Don’t Be Afraid to Bring It Up
When we avoid talking about racism to our children, we are not doing it to protect them, we are doing it to protect ourselves by avoiding things that make us uncomfortable. Do not let your children’s first taste of racism happen in the streets. Racists/white supremacists are killing our children every day, so the idea that talking about racism will “hurt Black children” makes absolutely no sense when you consider the consequences of them not understanding it.
Be Honest About Racism/White Supremacy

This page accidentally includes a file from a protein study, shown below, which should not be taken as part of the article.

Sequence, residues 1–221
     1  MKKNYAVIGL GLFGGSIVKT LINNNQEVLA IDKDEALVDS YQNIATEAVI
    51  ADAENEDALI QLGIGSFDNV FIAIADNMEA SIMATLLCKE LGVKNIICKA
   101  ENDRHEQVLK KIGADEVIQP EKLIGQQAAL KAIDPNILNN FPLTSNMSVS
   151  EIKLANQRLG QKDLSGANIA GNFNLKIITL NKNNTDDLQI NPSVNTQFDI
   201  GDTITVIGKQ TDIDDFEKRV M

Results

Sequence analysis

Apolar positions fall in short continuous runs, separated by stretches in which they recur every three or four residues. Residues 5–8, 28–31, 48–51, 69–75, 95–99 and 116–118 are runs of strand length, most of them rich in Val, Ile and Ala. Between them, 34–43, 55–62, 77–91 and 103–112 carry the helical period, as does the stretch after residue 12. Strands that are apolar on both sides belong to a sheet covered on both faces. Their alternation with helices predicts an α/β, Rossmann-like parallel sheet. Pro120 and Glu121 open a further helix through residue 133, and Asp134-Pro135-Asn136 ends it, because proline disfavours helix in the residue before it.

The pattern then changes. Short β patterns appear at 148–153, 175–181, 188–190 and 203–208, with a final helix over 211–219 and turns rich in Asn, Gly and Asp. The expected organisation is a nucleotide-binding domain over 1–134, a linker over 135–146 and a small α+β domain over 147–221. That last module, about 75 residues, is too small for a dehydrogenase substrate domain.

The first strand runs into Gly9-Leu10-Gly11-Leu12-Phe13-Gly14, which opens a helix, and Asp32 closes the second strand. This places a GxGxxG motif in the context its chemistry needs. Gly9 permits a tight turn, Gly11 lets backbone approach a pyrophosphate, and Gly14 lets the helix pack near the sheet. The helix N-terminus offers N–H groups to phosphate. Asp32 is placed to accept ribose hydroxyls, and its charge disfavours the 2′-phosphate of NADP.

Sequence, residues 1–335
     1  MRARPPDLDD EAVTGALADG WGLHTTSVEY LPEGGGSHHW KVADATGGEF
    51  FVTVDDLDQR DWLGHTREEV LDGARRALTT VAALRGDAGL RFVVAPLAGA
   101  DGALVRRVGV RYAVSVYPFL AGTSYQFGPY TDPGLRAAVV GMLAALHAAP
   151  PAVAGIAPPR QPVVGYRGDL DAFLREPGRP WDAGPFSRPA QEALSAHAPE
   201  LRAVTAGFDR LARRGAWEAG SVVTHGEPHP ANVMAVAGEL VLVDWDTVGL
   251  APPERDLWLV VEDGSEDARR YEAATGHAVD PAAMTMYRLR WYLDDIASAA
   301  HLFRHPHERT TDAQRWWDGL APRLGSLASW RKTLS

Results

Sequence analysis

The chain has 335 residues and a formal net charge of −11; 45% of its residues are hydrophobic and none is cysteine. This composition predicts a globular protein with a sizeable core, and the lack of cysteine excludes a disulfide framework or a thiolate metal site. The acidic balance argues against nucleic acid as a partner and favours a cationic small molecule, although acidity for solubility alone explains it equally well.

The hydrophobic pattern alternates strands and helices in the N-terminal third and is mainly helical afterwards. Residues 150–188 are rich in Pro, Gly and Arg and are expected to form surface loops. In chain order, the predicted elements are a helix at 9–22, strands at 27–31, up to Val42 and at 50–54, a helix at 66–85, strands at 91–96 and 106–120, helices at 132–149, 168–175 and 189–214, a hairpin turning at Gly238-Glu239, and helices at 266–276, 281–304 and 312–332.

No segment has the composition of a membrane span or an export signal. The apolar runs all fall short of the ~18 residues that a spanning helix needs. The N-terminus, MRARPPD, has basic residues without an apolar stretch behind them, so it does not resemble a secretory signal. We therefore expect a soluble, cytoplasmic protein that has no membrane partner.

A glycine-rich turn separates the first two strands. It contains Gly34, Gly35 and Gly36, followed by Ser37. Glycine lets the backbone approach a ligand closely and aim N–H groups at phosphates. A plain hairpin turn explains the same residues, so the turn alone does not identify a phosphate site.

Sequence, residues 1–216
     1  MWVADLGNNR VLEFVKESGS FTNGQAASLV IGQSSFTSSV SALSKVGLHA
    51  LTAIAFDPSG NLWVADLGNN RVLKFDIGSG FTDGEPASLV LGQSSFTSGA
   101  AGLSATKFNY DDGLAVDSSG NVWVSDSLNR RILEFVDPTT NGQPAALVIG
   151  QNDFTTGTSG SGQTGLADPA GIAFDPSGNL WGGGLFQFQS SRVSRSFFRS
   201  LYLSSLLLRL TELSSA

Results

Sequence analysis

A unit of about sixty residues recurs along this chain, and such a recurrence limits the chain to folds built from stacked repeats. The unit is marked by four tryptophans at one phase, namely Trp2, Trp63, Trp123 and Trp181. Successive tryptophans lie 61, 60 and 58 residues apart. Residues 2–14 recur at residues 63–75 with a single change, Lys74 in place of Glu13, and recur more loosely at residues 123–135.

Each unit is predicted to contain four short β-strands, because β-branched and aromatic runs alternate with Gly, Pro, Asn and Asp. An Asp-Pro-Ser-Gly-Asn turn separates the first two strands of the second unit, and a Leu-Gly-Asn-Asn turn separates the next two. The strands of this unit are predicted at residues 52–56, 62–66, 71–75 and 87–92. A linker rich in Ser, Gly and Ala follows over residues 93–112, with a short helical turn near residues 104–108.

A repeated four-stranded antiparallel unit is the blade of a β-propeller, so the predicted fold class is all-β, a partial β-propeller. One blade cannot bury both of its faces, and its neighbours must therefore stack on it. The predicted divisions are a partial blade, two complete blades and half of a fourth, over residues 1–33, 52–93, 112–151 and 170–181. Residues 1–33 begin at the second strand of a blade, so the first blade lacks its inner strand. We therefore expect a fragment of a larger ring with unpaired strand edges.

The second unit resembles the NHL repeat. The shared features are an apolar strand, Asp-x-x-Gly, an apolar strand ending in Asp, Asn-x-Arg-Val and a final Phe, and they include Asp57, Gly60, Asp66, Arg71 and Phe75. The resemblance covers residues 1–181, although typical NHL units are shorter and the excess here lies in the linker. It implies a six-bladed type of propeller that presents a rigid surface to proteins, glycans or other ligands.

Never soften (or falsify) your discussions about racism/white supremacy with a lot of inane “color doesn’t matter” or “all people are the same” or “love is color-blind” or “some Blacks are racists, too” — or any of the confusing “politically correct” nonsense that means the speaker is not telling the truth about racism. The evidence speaks for itself. This requires the parent to have the best possible understanding of how racism/white supremacy works.